Siege of Cuartel de Loyola

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Siege of Cuartel de Loyola
Part of the Spanish Civil War
Hotel Maria Cristina San Sebastian.jpg

Hotel Maria Cristina, one of the buildings held by the rebel troops
Date July 19–July 27, 1936
Location Guipuzcoa, Spain
Result Republican victory
Belligerents
Francoist Spain Nationalist Spain Spain Second Spanish Republic
Commanders and leaders
Francoist Spain Colonel Carrasco
Francoist SpainColonel Villaespin
Spain Colonel Augusto Pérez Garmendia[1]
Strength
? ?
Casualties and losses
? ?

The Siege of Cuartel de Loyola was a siege and uprising in San Sebastián, Spain, on 21 July 1936, at the start of the Spanish Civil War. A group of soldiers attempted to form a coup against the Second Spanish Republic.

Background[edit]

In the Basque province of Álava, the city of Vitoria was easily seized by the rebels led by the general Angel García Benitez and the Colonel Camilo Alonso Vega, but the rising failed in the Biscay and Guipuzcoa provinces. The Basque nationalists supported the government, established Juntas de defensa in all the cities and towns, arrested right-wing personalities and requisitioned their motor-cars. In Bilbao, there was no military rising, but in San Sebastián there was a failed rising.[2]

The rising in San Sebastian[edit]

On July 19, the military governor of San Sebastian, Colonel Carrasco, was arrested, but the commander of the Loyola's Barracks, Colonel Villaespin, encouraged by Emilio Mola, decided to start the rising against the government. Villaespin pointed his cannons at the civil government, and the staff inside fled. Carrasco escaped from his captors and declared a state of war. Carrasco established himself with right-wing supporters in the Maria Cristina Hotel, and the Civil Guard in the city supported the rising and seized the Gran Casino. Nevertheless, on July 20 a column from Eibar, led by Colonel Pérez Garmendia, came to the city and surrounded the buildings held by the rebels.[3] On July 23, the Republican forces occupied the Maria Cristina Hotel,[4] and on July 27 the rebels in the Loyola's Barrack surrendered to the besieging forces.[5]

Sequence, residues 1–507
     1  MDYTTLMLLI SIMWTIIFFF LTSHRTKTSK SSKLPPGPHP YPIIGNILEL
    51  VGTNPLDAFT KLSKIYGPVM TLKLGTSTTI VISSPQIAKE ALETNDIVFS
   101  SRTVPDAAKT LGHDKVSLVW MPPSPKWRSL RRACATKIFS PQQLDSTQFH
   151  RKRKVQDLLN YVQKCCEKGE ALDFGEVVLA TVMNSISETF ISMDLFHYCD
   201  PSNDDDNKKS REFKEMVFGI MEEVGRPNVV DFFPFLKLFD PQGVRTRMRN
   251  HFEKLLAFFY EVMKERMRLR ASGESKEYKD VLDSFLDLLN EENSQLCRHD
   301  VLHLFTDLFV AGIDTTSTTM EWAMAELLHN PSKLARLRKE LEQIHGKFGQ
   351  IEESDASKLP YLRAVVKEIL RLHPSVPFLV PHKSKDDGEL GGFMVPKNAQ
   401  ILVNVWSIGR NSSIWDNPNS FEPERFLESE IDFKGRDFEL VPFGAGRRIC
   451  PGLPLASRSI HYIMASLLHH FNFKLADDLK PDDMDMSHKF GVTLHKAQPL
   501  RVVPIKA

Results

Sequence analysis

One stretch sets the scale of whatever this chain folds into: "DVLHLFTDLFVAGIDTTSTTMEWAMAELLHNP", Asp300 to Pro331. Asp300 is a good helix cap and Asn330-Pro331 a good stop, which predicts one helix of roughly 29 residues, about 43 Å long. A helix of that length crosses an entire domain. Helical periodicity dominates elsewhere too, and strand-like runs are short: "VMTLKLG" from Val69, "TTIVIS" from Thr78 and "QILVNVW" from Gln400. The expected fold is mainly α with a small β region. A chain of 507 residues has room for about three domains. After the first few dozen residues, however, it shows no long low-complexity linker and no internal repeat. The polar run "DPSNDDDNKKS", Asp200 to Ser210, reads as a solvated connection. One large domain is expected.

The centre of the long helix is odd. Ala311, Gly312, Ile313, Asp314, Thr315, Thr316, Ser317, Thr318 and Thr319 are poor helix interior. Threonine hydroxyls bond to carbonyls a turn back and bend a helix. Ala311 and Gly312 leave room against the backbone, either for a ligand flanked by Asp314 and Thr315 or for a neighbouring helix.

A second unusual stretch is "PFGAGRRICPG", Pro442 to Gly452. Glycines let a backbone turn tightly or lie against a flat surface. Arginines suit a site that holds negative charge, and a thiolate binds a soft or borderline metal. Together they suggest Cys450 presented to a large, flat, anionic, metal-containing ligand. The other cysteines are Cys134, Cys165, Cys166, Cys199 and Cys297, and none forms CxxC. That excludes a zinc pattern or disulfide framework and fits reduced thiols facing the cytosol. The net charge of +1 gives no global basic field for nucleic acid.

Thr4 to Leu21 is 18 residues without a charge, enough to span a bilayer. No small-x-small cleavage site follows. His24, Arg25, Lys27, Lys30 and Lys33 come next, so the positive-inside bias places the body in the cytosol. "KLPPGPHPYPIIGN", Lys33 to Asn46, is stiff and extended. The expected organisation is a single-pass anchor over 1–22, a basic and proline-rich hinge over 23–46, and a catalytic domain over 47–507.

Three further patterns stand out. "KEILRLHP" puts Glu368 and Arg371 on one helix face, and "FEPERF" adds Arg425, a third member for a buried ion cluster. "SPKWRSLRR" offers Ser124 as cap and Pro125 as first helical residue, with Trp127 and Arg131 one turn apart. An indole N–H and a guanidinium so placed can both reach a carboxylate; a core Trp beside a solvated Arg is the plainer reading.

Aftermath[edit]

Anarchists seized the weapons inside the barracks and shot some right-wing prisoners, worsening their relations with the Basque nationalists.[6] The Nationalists occupied San Sebastián on September 14.[7]

Notes[edit]

  1. ^ es:Sitio del Cuartel de Loyola
  2. ^ Thomas, Hugh. (2001). The Spanish Civil War. Penguin Books. London. pp.226-227
  3. ^ Thomas, Hugh. (2001). The Spanish Civil War. Penguin Books. London. pp.226-227
  4. ^ es:Sitio del Cuartel de Loyola
  5. ^ Thomas, Hugh. (2001). The Spanish Civil War. Penguin Books. London. p.312
  6. ^ Beevor, Antony. (2006). The Battle for Spain. The Spanish Civil War, 1936-1939. Penguin Books. London. pp.65-66
  7. ^ Beevor, Antony. (2006). The Battle for Spain. The Spanish Civil War, 1936-1939. Penguin Books. London. p.117

References[edit]